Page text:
Theory of Emotions

In the last post we discussed about the evolutionary traits of emotions that gives the evolutional perspectives of emotions. As discussed there are several other models that are formulated in the literature. We will take three of them in this post and discuss them in a more informal way. Consider these three statements:

  1. We cry and (so) we are sad
  2. We are sad because we cry
  3. We are sad because we cry and understand that something has gone wrong totally against our expectation

We can explain the three theories using the above three statements.

James-Lang theory relates to the second one. It says that because of our physiological reactions to certain events we get emotions/feelings. Some models like Damasio’s even differentiate between emotions and feelings. But for our understanding we take both as same. To say more clearly this theory states that due to experience of some event we get into some physiological reactions like shivering, trembling, rise in heart rate, dryness of mouth and so on and because of this we get into various emotions. Although this theory does not hold good with the present researchers in the field there is some truth about this theory in some specific situations. For example, the drug addicts experience various physiological reactions then get into various moods/feelings/emotions. The main criticism of this theory is that viscera react slowly — people experience emotion then feel the effect in the viscera.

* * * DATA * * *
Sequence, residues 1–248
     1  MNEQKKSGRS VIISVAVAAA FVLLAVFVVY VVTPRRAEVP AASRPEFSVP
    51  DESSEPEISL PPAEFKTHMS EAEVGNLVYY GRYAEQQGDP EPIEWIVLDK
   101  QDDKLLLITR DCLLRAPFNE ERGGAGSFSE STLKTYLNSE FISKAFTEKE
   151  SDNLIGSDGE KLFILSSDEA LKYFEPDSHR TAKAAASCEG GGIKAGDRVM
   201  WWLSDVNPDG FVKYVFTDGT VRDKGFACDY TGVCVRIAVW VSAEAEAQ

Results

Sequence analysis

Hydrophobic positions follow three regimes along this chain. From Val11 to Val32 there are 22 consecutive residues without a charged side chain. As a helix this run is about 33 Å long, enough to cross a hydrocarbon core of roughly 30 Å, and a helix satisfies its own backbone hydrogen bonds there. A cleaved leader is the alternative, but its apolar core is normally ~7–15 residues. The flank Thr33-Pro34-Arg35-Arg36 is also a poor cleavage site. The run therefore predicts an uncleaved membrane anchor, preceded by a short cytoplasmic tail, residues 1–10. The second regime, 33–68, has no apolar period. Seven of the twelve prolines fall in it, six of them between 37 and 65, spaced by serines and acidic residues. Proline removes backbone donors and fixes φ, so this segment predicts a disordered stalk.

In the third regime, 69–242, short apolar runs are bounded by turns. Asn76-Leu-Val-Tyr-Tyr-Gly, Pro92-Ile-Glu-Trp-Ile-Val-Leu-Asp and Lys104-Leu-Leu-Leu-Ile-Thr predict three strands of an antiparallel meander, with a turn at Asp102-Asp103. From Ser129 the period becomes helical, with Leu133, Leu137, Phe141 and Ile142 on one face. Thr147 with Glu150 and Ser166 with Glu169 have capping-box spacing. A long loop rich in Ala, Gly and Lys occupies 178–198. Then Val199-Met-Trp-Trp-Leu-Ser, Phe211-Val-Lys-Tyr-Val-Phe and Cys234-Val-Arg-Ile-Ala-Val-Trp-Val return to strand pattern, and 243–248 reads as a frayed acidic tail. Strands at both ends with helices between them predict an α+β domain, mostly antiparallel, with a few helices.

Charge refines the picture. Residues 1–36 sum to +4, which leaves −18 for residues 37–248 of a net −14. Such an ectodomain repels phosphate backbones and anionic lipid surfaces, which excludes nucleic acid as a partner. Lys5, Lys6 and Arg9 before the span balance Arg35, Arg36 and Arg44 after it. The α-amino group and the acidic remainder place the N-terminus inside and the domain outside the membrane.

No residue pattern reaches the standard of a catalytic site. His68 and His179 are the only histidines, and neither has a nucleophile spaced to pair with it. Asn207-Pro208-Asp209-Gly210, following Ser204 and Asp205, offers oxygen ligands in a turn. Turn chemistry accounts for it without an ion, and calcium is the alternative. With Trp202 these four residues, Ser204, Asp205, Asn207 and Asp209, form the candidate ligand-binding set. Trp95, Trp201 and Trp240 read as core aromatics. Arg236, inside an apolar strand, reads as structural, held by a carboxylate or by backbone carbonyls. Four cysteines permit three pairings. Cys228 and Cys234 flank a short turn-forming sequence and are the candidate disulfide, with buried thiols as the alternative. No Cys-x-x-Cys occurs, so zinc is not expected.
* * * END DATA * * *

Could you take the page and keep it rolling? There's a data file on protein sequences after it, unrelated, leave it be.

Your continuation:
Cannon-Bard theory relates to the first statement, i.e., we cry and (so) we feel sad. Cannon opposed the view of James-Lang theory and showed by experiments that thalamus is the key for all of our emotional reactions and when that occurs almost at the same time physiological reactions are also produced. But he did not mention clearly if the physiological reactions is only because of emotions. To confirm the importance of thalamus he showed that when we remove the thalamus the body ceases to produce emotions.

The two-factor theory formulated by Schachter & Singer relates to the third statement above. It says that emotional reactions are generated by both the physiological reactions (arousal) and cognition. External events causes physiological reactions in us and some understanding of the events like how relevant it is to us — painful or pleasure; how important; and other contexts like social implications and so on. Because of cognition there might be inhibition and exaggeration. We as an individual experience these physiological changes and try to interpret these changes. Likewise, when we understand the events we infer it in many dimensions (also called as appraisal) like relevancy, how important, social context and so on and this creates a kind of feeling in us. These two factors lead us to some feeling which we call it as emotions. Schachter & Singer in 1962 showed this using a very nice experiment described here.

There are many other theories for emotions built over the years that we will take up in the next series of blogs. But coming back to the three models described above obviously the last model carries more weight in the sense that it is more appropriate to the reality in this modern era. It is also interesting to see the evolution in the understanding of emotions — James-Lang theory was formulated in the 19th century (this theory is not generally accepted these days), Cannon-Bard theory in the early part of 20th century (not so accepted although for some specific situations it works) and the two-factor theory in the later part of 20th century (the most agreed upon theory out of these three).

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